Using local ingredients to make French-inspired pastries and cakes
I am sitting in Lluis Perez “pastisseria”, sipping cortado served in a shot glass on a retro-style flowery saucer and waiting to talk to the man himself. The place is simple yet classy. There is not much décor, just beautiful shades of blue and cream all around and a few bright green plants. It is a complete opposite of typically chaotic bakeries and patisseries bursting with products, utensils and mementos.
A young man parks his scooter outside, smiles and says “Hi!” as he walks past me. A few moments later he comes back and, to my surprise, I realise that this handsome youngster with a broad smile is “the” Lluis Perez I was waiting for. For some reason, as I have heard of him and bought cakes and pastries at this place for years, I expected to meet someone older!? Now, I am intrigued to hear his story…
Lluis is a local guy, from Palma. He studied to become a chef and obtained a Masters in High Cuisine from the Hostelry School at UIB, but he has always been more interested in pastries – drawn to them by their artistic character. Following his studies, he moved to Barcelona to work at a Michelin star restaurant, and then on to London where he landed a job at the prestigious Nobu, starting in tempura section and working his way up to pastries and cakes.
Having learnt all that he could at Nobu, and still hungry for further improving his techniques and perfecting his style of pastry and cake making, Lluis moved back to Barcelona to train with Oriol Balaguer, a well-respected authority in the industry. He stayed there for four years, refining his cakes, chocolates, briocherie and bread making. During this time he won the Best Chocolate Piece competition at Museum of Chocolate in Barcelona and captained the Spanish team at the Patisserie World Cup.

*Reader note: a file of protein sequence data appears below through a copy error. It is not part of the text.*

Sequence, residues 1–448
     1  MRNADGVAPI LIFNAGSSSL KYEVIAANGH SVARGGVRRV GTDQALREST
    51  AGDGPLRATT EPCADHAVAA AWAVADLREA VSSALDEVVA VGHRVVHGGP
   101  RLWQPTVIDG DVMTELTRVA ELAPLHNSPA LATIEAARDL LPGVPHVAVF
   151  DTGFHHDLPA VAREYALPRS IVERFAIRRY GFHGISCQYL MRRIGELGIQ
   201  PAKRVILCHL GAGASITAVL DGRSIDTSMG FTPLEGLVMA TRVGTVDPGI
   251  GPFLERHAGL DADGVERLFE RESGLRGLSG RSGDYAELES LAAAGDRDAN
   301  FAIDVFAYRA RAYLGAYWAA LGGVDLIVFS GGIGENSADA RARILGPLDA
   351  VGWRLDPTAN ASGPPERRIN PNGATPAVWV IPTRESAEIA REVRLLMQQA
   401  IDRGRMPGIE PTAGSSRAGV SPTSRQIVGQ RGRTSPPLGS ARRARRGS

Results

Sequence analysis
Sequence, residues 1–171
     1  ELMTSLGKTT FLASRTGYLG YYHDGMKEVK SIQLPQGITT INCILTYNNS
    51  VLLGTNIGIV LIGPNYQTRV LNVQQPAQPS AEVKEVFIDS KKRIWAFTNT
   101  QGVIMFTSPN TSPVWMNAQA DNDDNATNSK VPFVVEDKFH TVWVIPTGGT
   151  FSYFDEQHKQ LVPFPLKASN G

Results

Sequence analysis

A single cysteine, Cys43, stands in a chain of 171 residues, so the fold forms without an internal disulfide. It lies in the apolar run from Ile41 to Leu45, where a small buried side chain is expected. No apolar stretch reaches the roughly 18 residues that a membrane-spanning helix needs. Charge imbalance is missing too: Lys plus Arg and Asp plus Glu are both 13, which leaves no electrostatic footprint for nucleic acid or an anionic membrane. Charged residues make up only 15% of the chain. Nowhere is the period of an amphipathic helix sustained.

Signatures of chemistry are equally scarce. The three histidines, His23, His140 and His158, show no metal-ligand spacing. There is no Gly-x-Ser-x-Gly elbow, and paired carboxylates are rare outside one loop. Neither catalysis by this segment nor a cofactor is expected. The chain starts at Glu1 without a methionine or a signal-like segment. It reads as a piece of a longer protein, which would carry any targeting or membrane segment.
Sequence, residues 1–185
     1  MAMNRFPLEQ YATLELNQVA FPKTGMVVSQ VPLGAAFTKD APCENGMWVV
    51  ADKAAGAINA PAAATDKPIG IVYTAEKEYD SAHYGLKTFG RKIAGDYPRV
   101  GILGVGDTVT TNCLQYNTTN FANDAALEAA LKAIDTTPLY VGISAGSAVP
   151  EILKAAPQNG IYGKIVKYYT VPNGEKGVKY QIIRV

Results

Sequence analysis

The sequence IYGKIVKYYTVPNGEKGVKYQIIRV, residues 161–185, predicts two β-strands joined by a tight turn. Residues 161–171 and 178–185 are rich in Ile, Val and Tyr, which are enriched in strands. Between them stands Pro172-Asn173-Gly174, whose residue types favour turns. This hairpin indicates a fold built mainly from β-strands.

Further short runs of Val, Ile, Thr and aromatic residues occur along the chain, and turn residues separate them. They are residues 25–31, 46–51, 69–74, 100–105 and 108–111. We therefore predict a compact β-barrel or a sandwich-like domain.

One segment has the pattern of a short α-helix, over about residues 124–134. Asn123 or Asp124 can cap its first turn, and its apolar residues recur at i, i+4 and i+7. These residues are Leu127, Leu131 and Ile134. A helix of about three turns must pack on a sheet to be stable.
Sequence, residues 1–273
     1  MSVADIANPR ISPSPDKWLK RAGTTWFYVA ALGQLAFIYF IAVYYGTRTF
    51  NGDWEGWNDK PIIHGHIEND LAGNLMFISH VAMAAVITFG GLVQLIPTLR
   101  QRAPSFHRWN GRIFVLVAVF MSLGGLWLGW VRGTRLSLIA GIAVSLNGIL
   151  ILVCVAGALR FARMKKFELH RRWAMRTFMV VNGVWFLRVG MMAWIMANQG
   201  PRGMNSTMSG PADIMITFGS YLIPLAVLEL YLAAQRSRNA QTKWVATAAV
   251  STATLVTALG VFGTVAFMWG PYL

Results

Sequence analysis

Following all that national and international experience and success, and still only 27 years old, Lluis returned to Mallorca in 2015 and opened his patisserie on Bonaire street, in the posh part of Palma.
The place has quickly become known for great cakes and one can often spot the stylish Lluis Perez boxes full of treats being carried around town. One of their best-selling cakes, Lluis´s signature creation, is Negret: a crunchy biscuit base with hazelnuts and milk chocolate, topped with sponge made with Majorcan olive oil, 70% chocolate and 70% chocolate mousse, with a burst of colour coming from some fresh raspberries scattered on top. Another popular choice is the lemon pie: a butter and vanilla biscuit base, topped with lemon cream made from the famous Soller lemons, sponge cake soaked in lemon syrup, and meringue. Both these cakes are perfect examples of Lluis´s philosophy of combining French cake-making techniques with promoting local ingredients.
In terms of pastries – plain croissants and almond croissants (made with local almonds, of course!) are customers´ favourites. Aside from those, Lluis often makes limited editions, playing with some unique flavours. For example, I had some excellent pistachio croissants here a few years ago. At the time of writing this article, just before Easter, they made a croissant with “requeson” (curd) and cinnamon. I wasn’t too sure about it, but I was won over after just one bite!